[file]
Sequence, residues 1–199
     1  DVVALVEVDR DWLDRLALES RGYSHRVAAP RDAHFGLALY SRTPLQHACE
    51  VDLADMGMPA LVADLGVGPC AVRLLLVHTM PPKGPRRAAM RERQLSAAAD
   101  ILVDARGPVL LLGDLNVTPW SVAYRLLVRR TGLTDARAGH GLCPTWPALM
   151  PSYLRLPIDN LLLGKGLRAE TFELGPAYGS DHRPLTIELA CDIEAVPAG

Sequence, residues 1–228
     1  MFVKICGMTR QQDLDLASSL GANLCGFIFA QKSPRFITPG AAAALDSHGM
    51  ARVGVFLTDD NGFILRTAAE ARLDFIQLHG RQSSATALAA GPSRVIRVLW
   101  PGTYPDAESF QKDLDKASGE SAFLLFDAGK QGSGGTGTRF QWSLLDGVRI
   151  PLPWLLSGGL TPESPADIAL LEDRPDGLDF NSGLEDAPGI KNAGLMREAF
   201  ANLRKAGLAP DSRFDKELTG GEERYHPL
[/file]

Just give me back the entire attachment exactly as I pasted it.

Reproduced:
Sequence, residues 1–199
     1  DVVALVEVDR DWLDRLALES RGYSHRVAAP RDAHFGLALY SRTPLQHACE
    51  VDLADMGMPA LVADLGVGPC AVRLLLVHTM PPKGPRRAAM RERQLSAAAD
   101  ILVDARGPVL LLGDLNVTPW SVAYRLLVRR TGLTDARAGH GLCPTWPALM
   151  PSYLRLPIDN LLLGKGLRAE TFELGPAYGS DHRPLTIELA CDIEAVPAG

Sequence, residues 1–228
     1  MFVKICGMTR QQDLDLASSL GANLCGFIFA QKSPRFITPG AAAALDSHGM
    51  ARVGVFLTDD NGFILRTAAE ARLDFIQLHG RQSSATALAA GPSRVIRVLW
   101  PGTYPDAESF QKDLDKASGE SAFLLFDAGK QGSGGTGTRF QWSLLDGVRI
   151  PLPWLLSGGL TPESPADIAL LEDRPDGLDF NSGLEDAPGI KNAGLMREAF
   201  ANLRKAGLAP DSRFDKELTG GEERYHPL